How to Prepare for Pregnancy After Gestational Diabetes

At 30 weeks pregnant with Lia I found out I had gestational diabetes. Before I had an appointment with my nutritionist I began to google and find all the information and books I could about it. Turns out it is way simpler than I expected.

When you have had gestational diabetes it is important to prepare your body when wanting to have another baby. Check out how! pregnancy, gestational diabetes, diabetes, gestational, pregnancy, pregnant woman, pregnant, preggers, preggo, baby, diabetes, newborn, health

What is Gestational Diabetes? Gestational diabetes does not come from eating too many sweats and sugar. Gestational diabetes is diabetes that develops during pregnancy. Why does it happen? Well, you thank your good ol’ placenta. The placenta releases hormones which block insulin from doing it’s job causing your blood sugar levels to spike. When you get gestational diabetes your doctor will pair you up with a nutritionist during your pregnancy to help you learn how to keep your levels at bay. But did you know that once you have it you are more likely to develop it in future pregnancies? Well there are ways to prepare yourself for it.

Start your meal plan again

The best way to keep your blood sugar levels low is to control the amount of carbohydrates you take. It is recommended that 3-6 months prior to getting pregnant again you start to implement your meal plan again.

Try to spread your pregnancies 18 months apart.

With gestational diabetes comes the increased chance of preterm labor. It is recommended you wait 18 months between pregnancies to lower the risk.

Get moving!

Staying active is a great way to prepare your body for pregnancy and birth in general. Exercising lets your body use glucose without needing extra insulin.

Why is this all important? Well having untreated gestational diabetes can result in the following complications :


  • increasing the risk of pre-term labor
  • hypoglycemia (low blood sugar)- severe episodes can cause seizures in baby
  • higher chance of developing Type 2 Diabetes later in life
  • macrosomia- your baby can gain excessive birth weight. the extra glucose in your placenta triggers their tiny pancreas to make extra insulin. Large babies can have a difficult time passing through the birth canal causing injuries or requiring a c-section


  • preeclampsia- high blood pressure during pregnancy can be extremely dangerous to both mother and child
  • your chances of having diabetes in the future increases

Don’t let these complications scare you. Meal planning and exercise are a great way to keep your blood sugar at safe levels and controlled. Your doctor or midwives will keep checking in with you regularly and making sure both you and your baby are safe. My nutritionist recommended I begin to implement a healthy eating and active lifestyle 3-6 months prior to getting pregnant. Although we have not decided on an exact time frame, we do know that it will be after our wedding in October and we wish to be as prepared as we possibly can be.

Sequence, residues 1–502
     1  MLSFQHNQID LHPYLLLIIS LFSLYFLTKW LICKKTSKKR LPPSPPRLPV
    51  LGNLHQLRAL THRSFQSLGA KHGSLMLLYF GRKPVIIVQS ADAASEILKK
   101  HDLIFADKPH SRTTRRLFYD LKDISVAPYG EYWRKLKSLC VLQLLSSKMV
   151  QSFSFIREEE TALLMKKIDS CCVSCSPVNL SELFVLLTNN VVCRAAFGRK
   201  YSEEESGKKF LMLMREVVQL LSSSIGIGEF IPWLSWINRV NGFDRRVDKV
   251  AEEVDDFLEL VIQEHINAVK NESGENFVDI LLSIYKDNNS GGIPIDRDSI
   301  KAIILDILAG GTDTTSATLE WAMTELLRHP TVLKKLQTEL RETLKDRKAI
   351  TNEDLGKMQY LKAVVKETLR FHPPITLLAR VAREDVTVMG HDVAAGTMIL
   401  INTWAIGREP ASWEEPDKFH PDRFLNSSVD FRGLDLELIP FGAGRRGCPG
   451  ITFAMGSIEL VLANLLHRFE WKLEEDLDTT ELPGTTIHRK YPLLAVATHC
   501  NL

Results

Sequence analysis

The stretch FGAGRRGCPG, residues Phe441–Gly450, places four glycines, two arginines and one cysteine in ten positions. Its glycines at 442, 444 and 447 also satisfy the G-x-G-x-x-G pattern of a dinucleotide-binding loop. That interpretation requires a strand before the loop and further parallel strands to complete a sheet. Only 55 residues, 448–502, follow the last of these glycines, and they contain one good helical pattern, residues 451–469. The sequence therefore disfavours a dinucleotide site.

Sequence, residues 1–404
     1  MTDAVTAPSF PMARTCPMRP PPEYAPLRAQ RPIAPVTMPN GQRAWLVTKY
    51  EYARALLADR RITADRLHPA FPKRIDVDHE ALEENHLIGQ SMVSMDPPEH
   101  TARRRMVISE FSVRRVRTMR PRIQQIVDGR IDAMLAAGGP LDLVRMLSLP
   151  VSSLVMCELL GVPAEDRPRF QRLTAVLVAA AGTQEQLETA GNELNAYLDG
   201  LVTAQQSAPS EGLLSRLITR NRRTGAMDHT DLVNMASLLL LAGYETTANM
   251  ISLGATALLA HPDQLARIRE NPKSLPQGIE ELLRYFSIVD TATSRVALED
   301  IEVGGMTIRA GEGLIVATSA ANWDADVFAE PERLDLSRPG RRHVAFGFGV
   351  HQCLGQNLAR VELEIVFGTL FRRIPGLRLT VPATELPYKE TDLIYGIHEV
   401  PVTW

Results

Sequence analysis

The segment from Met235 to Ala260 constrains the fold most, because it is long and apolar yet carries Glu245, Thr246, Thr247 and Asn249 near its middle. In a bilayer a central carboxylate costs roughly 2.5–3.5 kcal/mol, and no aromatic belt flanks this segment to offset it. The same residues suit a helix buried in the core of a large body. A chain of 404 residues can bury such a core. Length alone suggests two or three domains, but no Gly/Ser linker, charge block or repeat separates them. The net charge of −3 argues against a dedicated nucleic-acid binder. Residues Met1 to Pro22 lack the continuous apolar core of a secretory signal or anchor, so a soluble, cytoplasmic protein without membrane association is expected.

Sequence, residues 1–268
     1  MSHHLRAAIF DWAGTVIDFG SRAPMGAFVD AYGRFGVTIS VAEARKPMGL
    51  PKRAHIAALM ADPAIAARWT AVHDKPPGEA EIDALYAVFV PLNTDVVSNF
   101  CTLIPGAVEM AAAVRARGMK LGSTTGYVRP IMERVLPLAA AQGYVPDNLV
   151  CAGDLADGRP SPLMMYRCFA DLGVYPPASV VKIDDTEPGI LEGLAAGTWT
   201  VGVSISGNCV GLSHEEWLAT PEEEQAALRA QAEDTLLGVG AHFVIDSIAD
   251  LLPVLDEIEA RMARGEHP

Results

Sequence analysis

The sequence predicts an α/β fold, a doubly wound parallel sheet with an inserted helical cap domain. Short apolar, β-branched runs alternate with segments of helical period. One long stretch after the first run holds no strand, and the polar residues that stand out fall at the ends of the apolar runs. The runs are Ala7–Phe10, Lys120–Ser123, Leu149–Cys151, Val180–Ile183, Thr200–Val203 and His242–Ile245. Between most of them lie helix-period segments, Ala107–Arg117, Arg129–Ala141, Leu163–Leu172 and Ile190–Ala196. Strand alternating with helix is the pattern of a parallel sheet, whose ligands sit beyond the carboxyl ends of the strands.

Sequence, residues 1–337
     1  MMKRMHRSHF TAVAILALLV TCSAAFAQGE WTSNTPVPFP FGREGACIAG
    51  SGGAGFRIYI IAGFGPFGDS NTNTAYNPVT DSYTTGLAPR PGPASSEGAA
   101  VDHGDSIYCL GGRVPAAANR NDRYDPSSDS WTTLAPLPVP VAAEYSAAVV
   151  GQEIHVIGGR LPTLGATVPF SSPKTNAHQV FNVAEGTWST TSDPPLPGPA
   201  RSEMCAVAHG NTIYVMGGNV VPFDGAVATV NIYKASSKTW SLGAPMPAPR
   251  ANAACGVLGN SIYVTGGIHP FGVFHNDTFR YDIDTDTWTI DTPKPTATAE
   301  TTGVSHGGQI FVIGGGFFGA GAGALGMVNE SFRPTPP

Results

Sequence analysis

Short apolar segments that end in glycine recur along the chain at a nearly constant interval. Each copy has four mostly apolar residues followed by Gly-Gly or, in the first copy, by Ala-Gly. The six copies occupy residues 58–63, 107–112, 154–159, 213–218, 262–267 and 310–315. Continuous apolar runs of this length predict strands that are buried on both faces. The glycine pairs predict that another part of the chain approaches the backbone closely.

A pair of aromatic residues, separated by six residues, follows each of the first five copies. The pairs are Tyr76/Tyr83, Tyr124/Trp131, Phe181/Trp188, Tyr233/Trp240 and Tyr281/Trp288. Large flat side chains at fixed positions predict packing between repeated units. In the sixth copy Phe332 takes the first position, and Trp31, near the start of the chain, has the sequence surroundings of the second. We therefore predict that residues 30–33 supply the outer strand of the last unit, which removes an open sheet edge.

1. July 11, 2018 / 5:43 pm

    Such a good article! That’s really good to know about starting your meal plan early! I didn’t have gestational diabetes, but I’ll be sure to share this for those that do/did!

  2. July 11, 2018 / 7:38 pm

    Gestational diabetes is so common! I lucked out and did not have it but these are great tips to know. I will pass along to any of my expecting mommy friends!

  3. July 11, 2018 / 7:38 pm

    (Reposting this as I’m not sure if it is duplicate) Gestational diabetes is so common! I lucked out and did not have it but these are great tips to know. I will pass along to any of my expecting mommy friends!

  4. July 12, 2018 / 12:09 am

    Really great information for expecting mothers. Getting diabetes could be really scary because of all the health risk to the baby.

    • July 16, 2018 / 7:50 am

      Yes! When I first found out I was terrified

  5. July 12, 2018 / 6:14 am

    This is a lot of really great information and advice. This is good even for women who did not have gestational diabetes in a previous pregnancy.

    • July 16, 2018 / 7:49 am

      Thank you. Definitely great tips for anyone wanting to prepare their body for pregnancy

  6. July 12, 2018 / 6:21 am

    This is a good short guide for gestational diabetics. I remember how much I had panicked when I had this. Read up several books then.

    • July 16, 2018 / 7:49 am

      I remember panicking too! It was much easier and less scary once I knew what was going on. But I too did a lot of reading

  7. Becca Wilson
    July 12, 2018 / 8:05 am

    This is some really great advice. I did not have gestational diabetes but have had friends and family members that have.

  8. July 12, 2018 / 9:10 am

    Great info! Also, that smoothie bowl is making me hungry lol

  9. Ashley
    July 12, 2018 / 2:14 pm

    These are such great tips! I had gestational diabetes with both my pregnancies and your advice is spot on with what my doc and nutritionist told me to do. This article will be very helpful to others.

    • July 16, 2018 / 7:48 am

      So glad you found my information to be good! I am definitely preparing myself early on

  10. Kelsey
    July 12, 2018 / 3:59 pm

    Such great info- thanks for sharing!

  11. Christina Pilat
    July 12, 2018 / 8:57 pm

    This is really gear info! I knew this was a thing but I didn’t know it would recur in further pregnancies. It’s so scary when things like this happen so it’s so great to prepare!great resource!

    • July 16, 2018 / 7:47 am

      Yes it can get super scary if not treated correctly.

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